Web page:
Better Care, Lower Costs: New Models of Care for Duals
Recently, the Kaiser Family Foundation released helpful new data on the role Medicare and Medicaidprograms play for dually eligible beneficiaries. As a group, these 9 million low-income seniors and people with disabilities tend to have higher rates of chronic disease and make greater use of hospitals, emergency rooms and nursing facilities. As a result, they make up a disproportionate share of spending in in both programs.
As the pressure to curb health care costs increases, states are moving full steam ahead with a new set of CMS-sponsored initiatives aimed at integrating care for dual eligibles. In fact, with its submission to CMS last week, Ohio is the second state to make a formal proposal for a demonstration project (Massachusetts was the first). While the goals of the overall program are laudable – better care at lower cost – consumer advocates must be aware of the risks and work to make sure the new programs maintain or improve beneficiaries’ access to high-quality, comprehensive care and services.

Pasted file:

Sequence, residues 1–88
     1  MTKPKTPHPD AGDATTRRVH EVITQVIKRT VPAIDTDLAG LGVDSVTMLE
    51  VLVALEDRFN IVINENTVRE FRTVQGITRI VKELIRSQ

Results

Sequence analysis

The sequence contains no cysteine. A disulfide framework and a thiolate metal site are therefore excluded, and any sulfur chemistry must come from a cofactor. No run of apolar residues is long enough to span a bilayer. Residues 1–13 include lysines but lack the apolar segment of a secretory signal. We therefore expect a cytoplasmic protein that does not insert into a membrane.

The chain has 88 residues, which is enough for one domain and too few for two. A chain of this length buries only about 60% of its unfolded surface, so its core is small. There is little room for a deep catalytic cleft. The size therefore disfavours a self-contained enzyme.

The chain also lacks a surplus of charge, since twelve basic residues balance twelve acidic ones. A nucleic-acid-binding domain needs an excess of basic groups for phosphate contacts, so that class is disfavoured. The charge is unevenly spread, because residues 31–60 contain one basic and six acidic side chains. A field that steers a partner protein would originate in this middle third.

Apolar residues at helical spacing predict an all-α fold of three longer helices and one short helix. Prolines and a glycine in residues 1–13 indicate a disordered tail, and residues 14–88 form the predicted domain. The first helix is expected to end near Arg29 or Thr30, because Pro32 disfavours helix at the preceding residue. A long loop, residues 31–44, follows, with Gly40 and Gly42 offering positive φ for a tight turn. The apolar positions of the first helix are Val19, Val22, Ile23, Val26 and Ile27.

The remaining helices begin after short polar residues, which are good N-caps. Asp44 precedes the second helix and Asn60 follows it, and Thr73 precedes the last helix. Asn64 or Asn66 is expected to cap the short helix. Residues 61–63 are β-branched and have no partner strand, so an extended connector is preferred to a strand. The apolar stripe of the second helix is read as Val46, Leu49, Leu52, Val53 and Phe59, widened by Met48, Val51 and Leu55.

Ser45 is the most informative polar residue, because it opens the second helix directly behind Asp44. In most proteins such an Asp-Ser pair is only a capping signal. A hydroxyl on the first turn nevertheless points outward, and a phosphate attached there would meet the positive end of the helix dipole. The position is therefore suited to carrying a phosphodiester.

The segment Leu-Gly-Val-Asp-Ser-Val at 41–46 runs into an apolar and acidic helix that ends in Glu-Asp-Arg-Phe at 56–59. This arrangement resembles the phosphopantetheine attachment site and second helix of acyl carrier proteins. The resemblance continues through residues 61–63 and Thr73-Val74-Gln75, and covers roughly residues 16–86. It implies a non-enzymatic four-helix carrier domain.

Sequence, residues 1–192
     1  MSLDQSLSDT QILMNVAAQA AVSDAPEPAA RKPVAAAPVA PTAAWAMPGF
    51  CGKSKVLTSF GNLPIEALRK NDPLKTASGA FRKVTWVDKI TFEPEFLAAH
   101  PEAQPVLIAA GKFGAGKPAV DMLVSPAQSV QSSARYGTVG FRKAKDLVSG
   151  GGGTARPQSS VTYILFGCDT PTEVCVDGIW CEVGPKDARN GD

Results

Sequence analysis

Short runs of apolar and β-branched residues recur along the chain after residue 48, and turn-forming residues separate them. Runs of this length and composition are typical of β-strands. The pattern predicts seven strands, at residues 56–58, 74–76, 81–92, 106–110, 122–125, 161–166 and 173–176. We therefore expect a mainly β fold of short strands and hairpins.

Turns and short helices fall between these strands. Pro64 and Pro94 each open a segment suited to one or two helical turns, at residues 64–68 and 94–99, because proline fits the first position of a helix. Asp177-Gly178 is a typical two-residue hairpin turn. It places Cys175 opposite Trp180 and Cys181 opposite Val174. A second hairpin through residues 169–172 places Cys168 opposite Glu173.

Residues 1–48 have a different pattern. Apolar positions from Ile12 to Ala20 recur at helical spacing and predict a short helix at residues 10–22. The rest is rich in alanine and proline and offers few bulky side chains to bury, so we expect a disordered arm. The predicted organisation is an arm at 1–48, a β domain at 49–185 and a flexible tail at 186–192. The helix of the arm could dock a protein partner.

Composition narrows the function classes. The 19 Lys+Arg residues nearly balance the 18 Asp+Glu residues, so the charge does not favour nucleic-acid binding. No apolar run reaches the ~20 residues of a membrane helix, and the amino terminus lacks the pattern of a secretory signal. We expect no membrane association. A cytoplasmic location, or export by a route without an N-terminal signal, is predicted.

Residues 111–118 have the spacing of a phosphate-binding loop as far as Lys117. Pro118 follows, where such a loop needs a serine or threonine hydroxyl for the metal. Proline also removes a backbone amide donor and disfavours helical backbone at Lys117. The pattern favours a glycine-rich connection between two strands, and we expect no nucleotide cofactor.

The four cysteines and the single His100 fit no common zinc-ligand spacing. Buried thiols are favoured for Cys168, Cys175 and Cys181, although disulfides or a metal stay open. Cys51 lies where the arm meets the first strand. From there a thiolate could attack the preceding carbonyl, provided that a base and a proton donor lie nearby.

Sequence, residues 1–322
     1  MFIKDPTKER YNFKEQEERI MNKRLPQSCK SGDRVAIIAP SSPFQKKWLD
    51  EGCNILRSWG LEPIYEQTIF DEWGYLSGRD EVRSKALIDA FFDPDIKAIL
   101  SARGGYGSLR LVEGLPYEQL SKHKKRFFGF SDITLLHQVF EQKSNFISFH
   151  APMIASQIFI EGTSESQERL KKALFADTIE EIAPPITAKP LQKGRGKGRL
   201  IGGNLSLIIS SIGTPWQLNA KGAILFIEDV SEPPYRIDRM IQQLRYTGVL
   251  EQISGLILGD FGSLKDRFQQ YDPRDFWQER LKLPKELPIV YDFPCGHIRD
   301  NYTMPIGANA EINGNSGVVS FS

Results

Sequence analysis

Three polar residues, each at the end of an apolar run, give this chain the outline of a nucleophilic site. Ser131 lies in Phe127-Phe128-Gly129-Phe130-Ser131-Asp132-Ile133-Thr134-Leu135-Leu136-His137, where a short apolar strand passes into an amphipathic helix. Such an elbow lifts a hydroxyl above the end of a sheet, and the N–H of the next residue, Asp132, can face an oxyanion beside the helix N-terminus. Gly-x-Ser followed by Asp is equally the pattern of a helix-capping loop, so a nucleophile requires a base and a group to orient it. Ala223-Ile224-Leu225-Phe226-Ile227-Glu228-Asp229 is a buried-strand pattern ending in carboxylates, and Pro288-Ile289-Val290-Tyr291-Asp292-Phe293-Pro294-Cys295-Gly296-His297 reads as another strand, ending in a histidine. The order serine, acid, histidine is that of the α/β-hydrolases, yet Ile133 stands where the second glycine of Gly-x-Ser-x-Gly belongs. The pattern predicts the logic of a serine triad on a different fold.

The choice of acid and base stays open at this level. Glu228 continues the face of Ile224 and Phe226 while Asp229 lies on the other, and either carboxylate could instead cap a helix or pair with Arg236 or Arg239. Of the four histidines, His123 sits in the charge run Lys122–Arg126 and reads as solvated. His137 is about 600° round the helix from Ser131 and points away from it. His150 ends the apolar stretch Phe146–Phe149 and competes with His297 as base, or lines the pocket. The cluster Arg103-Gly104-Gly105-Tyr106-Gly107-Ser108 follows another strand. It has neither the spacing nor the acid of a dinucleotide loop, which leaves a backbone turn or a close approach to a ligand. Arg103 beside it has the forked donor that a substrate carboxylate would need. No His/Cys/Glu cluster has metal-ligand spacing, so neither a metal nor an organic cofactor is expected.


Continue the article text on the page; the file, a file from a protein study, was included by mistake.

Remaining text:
Community Catalyst has written an issue briefaimed at helping advocates shape the design and implementation of these new programs. The brief focuses on ten priorities:
- Provider Networks
- Long-Term Services and Supports
- Consumer Engagement
- Beneficiary Protections
- Financing and Payment
- Quality Measurements
- Cultural Competency
With consumer advocacy on these priority areas, we believe there is a better chance of making real improvements in the health and well-being of high-risk seniors and people with disabilities. At the same time, if done well, these programs may lead to savings that can curb the growth in state and federal health care spending, thereby avoiding harmful cuts to these critical programs. The bottom line? Duals demonstration projects will only achieve their promise if advocates are meaningfully involved, voice their concerns and propose real solutions that work for real people.
— Leena Sharma, State Advocacy Manager, Integrated Care Advocacy Project